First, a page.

Captain Nathaniel Shaw was one of the wealthiest merchants in New London during the mid-18th century. In the early 1730s, after building a fortune through sea trade with Ireland, he settled in New London to oversee his business. Captain Shaw was sympathetic to the Company for Propagation of the Gospel in New England and the Parts Adjacent in America (often called the New England Company), and assisted them by transmitting money to Samson Occom in the 1750s, when the New England Company was providing him with financial support. Captain Shaw also had a private trade relationship with Occom, and sold him many household supplies and much of the equipment for his house at Mohegan. However, while Occom was in England (late 1765-mid 1768), Shaw refused to supply Mary Occom with goods, which put her in severe straits. Eleazar Wheelock hypothesized that Shaw was lashing out at Mary over Samson’s stance in the Mason Case, which, along with other circumstances, had turned the New England Company vehemently against Wheelock and Occom. However, it is perhaps more likely that Shaw refused to supply Mary because Wheelock had shown no indication that he planned to pay Occom’s debts (see 768114). During the Revolution, Captain Shaw and his son Nathaniel Shaw Jr., who took over much of the business around 1763, were noted patriots. They opened their mansion to wounded sailors, as well as to George Washington himself, helped to organize New London’s participation in the war, and turned their merchant ships into a privateering fleet.

Occom, Mary (née Fowler)

Mary Occom (née Fowler) was a Montaukett woman who married Samson Occom. Although information about her is limited and often comes from male, Anglo-American sources, it offers a tantalizing glimpse of her strength, as well as an alternative to the Eleazar Wheelock-centered narrative of Occom’s life that often dominates the latter’s biography. Mary was born into the influential Fowler family at Montauk, Long Island. She met Samson during his missionary service there (1749-1761). Mary studied at Samson’s school along with her brothers David and Jacob, and was almost certainly literate. She and Samson married in 1751. Wheelock and several other Anglo-American powers opposed their union because they worried it might distract Occom from being a missionary (as, indeed, family life did), and thus many scholars have read in Samson and Mary’s marriage an act of resistance against Samson’s domineering former teacher. Little information about the minutiae of Mary’s life survives, but existing sources speak volumes about her character and priorities. In front of Anglo-American missionaries visiting the Occoms' English-style house at Mohegan, Mary would insist on wearing Montaukett garb and, when Samson spoke to her in English, she would only reply in Montaukett, despite the fact that she was fluent in English. Mary Occom was, in many ways, Wheelock’s worst fear: that his carefully groomed male students would marry un-Anglicized Indian women. It is not a stretch to imagine that Mary provided much of the incentive for Wheelock to begin taking Indian girls into his school, lest his other protégés replicate Samson’s choice. Much of our information about Mary comes from between 1765 and 1768, when Samson was fundraising in Great Britain. Despite promising to care for Samson’s wife and family (at the time they had seven children), Wheelock, by every objective measure, failed to do so, and Mary’s complaints are well documented. Hilary Wyss reads in Wheelock’s neglect (and in letters from the time) a more sinister story, and concludes that on some level Wheelock was holding Samson’s family hostage, in return for Occom curtailing his political beliefs on the Mason Case. Wyss also notes Mary’s remarkable survivance in this situation. Mary drew on various modes of contact, from letters to verbal communication with influential women (including Sarah Whitaker, the wife of Samson’s traveling companion, and Wheelock’s own daughters), to shame Wheelock into action and demand what she needed. One of the major struggles in Mary’s life, and in Samson’s, was with their sons. Both Aaron and Benoni failed to live up to their parents’ expectations. Aaron attended, and left, Moor’s Indian Charity School three times, and both Aaron and Benoni struggled with alcohol and refused to settle down. The Occom daughters did not cause similar problems. Given the nature of existing sources, little is known about Mary after Samson and Wheelock lessened their communication in 1771. Joanna Brooks has conjectured that Mary was likely influential in Samson’s Mohegan community involvement later in life, for instance, in his continued ministry to Mohegan and, perhaps, his increasingly vehement rejection of Anglo-American colonial practices.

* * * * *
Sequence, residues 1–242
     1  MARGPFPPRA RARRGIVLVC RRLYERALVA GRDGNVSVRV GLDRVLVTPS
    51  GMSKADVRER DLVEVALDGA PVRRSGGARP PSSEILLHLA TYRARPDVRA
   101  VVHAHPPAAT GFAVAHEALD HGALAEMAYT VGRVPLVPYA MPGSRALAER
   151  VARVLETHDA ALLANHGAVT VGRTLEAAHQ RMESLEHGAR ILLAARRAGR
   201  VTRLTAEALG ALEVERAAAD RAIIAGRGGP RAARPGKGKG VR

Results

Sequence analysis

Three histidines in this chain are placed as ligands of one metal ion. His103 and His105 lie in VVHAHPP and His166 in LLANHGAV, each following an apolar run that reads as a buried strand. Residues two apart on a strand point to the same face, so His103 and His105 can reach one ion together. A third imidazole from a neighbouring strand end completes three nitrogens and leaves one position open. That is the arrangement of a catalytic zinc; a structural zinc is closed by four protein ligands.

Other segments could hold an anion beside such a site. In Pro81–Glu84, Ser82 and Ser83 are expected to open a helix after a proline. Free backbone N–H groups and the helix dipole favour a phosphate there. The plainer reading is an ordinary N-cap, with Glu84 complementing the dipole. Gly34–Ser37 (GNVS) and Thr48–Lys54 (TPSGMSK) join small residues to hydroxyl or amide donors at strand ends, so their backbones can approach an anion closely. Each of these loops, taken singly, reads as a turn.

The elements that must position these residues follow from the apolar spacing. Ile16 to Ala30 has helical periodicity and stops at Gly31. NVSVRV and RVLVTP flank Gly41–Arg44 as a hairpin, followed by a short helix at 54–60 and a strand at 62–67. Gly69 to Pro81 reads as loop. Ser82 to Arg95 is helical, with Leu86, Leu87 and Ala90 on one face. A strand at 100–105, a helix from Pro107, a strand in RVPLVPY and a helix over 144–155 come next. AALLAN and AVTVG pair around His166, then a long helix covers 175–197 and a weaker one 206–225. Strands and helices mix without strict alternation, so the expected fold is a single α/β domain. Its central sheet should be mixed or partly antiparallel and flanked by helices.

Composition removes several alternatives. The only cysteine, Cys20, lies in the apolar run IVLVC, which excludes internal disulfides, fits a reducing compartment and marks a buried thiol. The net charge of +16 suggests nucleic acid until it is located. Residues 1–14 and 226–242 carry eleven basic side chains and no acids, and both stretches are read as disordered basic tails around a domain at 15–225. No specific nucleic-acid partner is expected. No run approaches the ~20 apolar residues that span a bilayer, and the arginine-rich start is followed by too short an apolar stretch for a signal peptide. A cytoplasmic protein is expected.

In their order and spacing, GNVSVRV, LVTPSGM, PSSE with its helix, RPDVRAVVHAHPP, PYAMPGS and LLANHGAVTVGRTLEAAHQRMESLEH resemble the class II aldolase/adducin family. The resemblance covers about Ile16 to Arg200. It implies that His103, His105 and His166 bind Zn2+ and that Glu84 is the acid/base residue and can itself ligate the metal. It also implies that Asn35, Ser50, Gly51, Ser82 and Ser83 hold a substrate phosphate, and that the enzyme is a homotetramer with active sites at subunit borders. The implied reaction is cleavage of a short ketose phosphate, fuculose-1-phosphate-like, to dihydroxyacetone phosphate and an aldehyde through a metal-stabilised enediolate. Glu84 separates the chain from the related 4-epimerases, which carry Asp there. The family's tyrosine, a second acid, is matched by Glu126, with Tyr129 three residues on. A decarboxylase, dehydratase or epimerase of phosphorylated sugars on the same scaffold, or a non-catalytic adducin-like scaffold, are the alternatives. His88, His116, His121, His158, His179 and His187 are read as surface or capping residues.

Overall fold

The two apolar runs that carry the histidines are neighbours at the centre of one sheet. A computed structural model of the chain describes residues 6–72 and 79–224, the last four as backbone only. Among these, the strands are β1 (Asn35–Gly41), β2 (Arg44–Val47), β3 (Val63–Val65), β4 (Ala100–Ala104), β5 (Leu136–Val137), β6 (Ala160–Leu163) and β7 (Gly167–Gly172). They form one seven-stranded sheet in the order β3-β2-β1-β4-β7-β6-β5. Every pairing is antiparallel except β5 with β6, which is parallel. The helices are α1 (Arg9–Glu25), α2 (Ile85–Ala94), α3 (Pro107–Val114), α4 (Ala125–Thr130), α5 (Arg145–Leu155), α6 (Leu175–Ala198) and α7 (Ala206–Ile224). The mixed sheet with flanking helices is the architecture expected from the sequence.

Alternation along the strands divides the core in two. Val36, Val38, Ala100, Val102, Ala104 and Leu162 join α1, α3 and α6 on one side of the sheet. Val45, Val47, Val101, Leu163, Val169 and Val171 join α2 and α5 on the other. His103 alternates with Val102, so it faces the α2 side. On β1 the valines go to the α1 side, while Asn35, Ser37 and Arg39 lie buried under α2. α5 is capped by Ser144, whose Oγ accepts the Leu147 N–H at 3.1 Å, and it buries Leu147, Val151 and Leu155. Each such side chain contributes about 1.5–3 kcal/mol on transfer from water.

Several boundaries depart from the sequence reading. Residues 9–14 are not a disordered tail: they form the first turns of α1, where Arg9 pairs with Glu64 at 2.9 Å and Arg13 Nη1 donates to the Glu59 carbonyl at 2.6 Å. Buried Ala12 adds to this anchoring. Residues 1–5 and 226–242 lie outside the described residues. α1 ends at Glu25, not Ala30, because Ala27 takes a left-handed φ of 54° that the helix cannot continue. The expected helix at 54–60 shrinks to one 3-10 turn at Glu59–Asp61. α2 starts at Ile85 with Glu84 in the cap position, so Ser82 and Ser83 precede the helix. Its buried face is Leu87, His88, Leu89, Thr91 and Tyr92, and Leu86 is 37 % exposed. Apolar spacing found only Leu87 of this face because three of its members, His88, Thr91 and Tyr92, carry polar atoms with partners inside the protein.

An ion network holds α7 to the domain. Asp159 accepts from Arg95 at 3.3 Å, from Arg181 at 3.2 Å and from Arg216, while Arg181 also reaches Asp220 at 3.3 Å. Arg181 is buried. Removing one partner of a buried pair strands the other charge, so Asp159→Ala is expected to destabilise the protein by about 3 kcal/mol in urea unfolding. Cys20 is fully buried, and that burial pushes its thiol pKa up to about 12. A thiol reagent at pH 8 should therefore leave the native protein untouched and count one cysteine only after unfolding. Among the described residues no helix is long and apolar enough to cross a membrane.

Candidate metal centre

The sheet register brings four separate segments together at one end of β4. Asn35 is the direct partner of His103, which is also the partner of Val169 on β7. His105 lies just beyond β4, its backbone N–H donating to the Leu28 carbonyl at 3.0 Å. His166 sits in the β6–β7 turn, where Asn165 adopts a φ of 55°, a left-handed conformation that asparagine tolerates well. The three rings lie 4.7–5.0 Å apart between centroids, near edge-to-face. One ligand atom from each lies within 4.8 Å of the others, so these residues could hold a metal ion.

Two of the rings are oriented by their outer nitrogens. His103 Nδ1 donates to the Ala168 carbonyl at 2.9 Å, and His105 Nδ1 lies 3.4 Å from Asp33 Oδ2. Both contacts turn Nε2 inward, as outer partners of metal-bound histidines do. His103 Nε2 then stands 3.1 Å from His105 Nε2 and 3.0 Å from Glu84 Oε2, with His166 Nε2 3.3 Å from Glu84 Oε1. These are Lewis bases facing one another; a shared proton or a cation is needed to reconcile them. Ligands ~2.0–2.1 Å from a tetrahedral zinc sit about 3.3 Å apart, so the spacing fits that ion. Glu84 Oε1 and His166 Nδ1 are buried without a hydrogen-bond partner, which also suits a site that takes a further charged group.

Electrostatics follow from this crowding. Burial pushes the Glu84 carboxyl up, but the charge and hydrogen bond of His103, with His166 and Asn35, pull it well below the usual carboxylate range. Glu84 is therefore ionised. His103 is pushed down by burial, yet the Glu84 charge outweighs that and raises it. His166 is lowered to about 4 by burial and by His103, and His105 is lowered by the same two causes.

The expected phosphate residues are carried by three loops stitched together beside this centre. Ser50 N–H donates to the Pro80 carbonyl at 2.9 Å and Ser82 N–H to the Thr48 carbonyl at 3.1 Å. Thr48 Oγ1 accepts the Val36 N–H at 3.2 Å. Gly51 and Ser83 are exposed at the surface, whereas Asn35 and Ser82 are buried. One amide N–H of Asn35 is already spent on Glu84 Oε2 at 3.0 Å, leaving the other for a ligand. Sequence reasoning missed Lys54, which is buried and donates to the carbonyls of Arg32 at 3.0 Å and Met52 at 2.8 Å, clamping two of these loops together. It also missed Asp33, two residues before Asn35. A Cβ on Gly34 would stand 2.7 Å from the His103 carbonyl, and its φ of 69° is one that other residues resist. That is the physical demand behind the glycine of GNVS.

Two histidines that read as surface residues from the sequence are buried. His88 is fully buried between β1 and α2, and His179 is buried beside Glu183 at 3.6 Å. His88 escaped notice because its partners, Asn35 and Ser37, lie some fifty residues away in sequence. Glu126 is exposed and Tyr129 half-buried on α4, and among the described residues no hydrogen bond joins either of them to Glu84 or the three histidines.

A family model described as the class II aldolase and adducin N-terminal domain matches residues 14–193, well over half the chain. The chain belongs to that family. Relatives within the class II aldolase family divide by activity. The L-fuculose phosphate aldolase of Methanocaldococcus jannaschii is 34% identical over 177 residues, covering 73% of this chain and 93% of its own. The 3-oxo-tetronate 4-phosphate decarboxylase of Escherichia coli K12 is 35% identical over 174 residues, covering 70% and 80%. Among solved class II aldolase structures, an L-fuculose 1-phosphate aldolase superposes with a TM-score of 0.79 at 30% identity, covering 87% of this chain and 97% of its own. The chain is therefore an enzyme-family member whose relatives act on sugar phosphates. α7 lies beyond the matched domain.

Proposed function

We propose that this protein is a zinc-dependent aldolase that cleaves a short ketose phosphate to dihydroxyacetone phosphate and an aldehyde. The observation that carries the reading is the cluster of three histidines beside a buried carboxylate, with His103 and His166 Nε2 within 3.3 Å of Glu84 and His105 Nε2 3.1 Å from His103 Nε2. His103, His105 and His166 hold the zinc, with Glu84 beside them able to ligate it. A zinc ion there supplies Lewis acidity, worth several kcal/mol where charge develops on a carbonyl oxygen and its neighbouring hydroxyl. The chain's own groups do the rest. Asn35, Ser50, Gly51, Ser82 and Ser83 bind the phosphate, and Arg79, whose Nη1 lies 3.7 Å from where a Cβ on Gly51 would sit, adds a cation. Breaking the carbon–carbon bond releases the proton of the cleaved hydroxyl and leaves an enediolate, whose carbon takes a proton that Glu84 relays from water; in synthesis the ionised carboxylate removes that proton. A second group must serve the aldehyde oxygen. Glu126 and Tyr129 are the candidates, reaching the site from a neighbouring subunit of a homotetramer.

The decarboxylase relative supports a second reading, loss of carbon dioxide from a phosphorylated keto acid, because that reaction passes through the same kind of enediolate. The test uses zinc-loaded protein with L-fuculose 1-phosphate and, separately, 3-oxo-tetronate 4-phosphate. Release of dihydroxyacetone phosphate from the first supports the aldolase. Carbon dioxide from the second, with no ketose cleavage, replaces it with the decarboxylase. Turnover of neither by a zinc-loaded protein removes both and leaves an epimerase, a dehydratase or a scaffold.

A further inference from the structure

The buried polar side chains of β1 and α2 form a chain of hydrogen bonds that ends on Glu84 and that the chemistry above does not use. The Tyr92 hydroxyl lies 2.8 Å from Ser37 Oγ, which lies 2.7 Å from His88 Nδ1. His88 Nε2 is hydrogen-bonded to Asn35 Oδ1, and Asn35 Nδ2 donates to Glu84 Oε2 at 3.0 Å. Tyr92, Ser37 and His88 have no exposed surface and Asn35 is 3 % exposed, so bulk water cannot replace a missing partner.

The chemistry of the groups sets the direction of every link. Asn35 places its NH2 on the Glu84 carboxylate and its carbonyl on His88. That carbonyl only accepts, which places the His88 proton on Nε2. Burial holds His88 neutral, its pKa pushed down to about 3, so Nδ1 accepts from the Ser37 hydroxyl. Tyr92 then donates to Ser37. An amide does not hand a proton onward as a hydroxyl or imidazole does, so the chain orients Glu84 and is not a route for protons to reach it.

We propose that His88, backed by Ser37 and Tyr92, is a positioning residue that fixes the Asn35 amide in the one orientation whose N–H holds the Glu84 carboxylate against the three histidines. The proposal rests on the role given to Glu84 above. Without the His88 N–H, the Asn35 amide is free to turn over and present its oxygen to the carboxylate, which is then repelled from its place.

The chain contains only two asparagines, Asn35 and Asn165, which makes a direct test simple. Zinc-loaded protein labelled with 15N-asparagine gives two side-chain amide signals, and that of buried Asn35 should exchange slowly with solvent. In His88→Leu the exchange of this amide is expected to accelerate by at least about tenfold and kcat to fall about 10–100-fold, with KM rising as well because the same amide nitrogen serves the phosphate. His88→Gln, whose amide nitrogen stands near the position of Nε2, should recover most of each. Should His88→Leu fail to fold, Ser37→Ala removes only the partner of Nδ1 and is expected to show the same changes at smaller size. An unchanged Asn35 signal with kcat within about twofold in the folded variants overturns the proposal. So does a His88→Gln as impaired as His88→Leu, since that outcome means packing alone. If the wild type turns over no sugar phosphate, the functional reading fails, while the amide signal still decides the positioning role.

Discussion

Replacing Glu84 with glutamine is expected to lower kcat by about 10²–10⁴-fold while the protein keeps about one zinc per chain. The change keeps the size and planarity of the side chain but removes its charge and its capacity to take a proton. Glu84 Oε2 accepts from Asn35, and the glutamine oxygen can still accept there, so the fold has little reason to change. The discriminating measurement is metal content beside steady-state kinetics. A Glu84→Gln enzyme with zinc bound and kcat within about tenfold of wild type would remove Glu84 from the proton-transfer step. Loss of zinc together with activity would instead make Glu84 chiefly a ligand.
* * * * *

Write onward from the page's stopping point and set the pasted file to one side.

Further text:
Occom's Ordination
HomeEleazar Wheelock, letter, to Samson Occom, 1757 January 7